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There are so many Christmas traditions in America--some with roots in Germany or Puritan culture and some made popular through commercialism and story telling. We thought that it would be fun to share some of the origin stories to five Christmas traditions so you can share it with those around you this holiday season!
Nicholas was born around 280AD in Lycia, now modern day Turkey. As the story goes, Nicholas lost both of his parents as a young man and decided to use his inheritance to help those around him. He is credited to giving money to a father who needed dowries for his three daughters, stopping a violent storm to save three sailors and even reviving the lives of three boys who were brutally murdered by a butcher! Because of his reputation, he is known as the patron saint of children, sailors, wolves and even pawnbrokers. His fame grew in the Middle Ages as his story reached Europe and the Dutch translated his name to Sinterklaas and most likely brought the tale to the Americas when they migrated to the Hudson River Valley. By the 1800s, cartoonists were depicting St. Nicholas as a portly dutchman with a white beard, delivering his gifts to homes in a flying sled--the image we most likely think of today. Much of the world celebrates the life of St. Nicholas on the approximate date of his death, December 6 by leaving gifts in your loved ones shoes or exchanging them the way you might on Christmas.
The earliest versions we know of date to 1903 in Germany with a publisher who wanted a way for children to be able to count down to Christmas (I'm sure it was created to give a more visual answer to the seemingly incessant "how many more days until Christmas?" question children love asking). Originally, the doors or windows on the advent calendar could be opened to contain Bible verses, poems or a small gift. Today, advent calendars can be based on any theme a company or product desires--from socks and chocolate to wine and nail polish--making it a fun and festive countdown for anybody on your Christmas list.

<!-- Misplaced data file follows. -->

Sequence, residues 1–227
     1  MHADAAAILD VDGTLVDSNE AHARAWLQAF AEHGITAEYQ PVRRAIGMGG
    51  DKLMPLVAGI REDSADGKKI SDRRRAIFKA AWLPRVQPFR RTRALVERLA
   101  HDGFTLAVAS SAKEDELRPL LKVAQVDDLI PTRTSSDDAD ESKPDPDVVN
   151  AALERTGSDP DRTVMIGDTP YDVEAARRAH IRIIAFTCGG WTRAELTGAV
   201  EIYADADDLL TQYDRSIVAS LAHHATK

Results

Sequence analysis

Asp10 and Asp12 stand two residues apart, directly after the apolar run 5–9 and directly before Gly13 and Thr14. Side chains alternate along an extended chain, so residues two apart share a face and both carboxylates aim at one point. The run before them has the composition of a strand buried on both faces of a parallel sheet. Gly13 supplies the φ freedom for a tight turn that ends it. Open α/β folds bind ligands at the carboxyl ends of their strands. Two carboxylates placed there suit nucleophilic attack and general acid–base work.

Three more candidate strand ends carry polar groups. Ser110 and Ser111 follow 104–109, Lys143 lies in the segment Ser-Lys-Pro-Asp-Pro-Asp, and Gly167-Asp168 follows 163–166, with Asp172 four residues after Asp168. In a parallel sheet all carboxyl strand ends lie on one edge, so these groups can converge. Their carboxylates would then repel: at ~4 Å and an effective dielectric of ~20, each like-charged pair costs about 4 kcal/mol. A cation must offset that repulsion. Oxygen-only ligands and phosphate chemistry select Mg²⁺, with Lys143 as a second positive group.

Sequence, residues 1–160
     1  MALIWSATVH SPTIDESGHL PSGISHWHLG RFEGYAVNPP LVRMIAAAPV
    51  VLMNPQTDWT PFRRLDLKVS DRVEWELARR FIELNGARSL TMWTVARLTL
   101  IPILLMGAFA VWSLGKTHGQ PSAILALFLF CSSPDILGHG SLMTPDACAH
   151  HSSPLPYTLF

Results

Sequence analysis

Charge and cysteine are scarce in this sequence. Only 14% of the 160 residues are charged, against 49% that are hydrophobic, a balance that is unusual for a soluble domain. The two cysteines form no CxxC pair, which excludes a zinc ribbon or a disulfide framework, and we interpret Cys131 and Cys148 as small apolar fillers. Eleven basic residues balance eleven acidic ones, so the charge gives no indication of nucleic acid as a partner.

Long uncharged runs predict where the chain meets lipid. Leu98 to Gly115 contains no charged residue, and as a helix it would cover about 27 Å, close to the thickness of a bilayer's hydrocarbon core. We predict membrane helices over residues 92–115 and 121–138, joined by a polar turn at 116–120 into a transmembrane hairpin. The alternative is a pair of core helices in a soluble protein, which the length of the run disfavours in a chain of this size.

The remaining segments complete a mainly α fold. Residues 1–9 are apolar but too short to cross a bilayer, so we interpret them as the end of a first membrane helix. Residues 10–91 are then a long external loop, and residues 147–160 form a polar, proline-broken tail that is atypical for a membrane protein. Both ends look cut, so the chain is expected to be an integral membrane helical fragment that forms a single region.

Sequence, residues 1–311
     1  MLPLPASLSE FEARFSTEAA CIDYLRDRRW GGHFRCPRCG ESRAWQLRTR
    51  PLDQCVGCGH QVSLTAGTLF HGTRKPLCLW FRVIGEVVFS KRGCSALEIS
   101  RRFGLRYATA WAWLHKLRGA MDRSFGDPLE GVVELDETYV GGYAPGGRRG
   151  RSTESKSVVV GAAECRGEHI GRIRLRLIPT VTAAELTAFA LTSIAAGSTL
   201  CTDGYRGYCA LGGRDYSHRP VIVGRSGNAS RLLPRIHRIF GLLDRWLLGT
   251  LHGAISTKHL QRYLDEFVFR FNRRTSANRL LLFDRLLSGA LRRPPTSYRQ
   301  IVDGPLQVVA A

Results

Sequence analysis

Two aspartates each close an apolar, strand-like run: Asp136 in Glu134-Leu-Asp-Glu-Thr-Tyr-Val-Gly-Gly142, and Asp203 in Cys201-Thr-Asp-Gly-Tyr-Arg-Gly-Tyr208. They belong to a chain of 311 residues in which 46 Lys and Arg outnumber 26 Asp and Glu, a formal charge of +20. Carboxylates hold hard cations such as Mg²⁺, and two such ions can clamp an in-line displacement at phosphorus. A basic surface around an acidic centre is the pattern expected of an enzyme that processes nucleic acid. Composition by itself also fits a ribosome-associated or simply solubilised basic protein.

This fun, yummy and albeit messy Christmas traditions again lies in German history with the story of "Hansel and Gretel," written by the Brothers Grimm. As the story goes, two children are walking along in the forest and stumble upon a house made of gingerbread and candy where an evil witch lives. While I wouldn't suggest this as the story to read before making your own gingerbread house, it's fun to know where it all began. And if you opt for a smaller activity and want to decorate gingerbread cookies instead, you can thank Queen Elizabeth I who first made this tradition popular.
the nutcracker ballet
One of the must-sees of the Christmas season is the Nutcracker ballet, which premiered in St. Petersburg, Russia in 1892. It is the combination of the beautiful work of composer Pyotr Ilyich Tchaikovsky and choreographer Marius Petipa. It was brought to England in 1934 and made it's way to San Francisco in 1944. With performances across the nation beginning in the 1960s, it is now a beloved must-see Christmas tradition.
Want to guess where candy canes come from?? If you guessed Germany, you are right! They really knew how to promote new holiday traditions. These peppermint treats date back to 1670, when a choirmaster in Cologne, Germany wanted an easy distraction for his younger singers. Though sweets are not usually a welcomed notion in the church services, this choirmaster added a hook to the traditionally straight peppermint sticks to pay homage to the Christmas story, appeasing the church board. These red and white striped candies didn't arrive in the United States until 1847, when a German-Swedish immigrant in Wooster, Ohio placed one on a tree. When the automated candy-cane making machine was created in the 1950s, these sweet, minty candies solidified as a permanent Christmas treat, becoming the No. 1 non-chocolate candy sold in the month of December.
We wish you a merry christmas and a happy new year!
Did you learn something new about one of your family's Christmas traditions? We hope you enjoy celebrating this holiday season and being with your loved ones as you share stories and traditions with one another.
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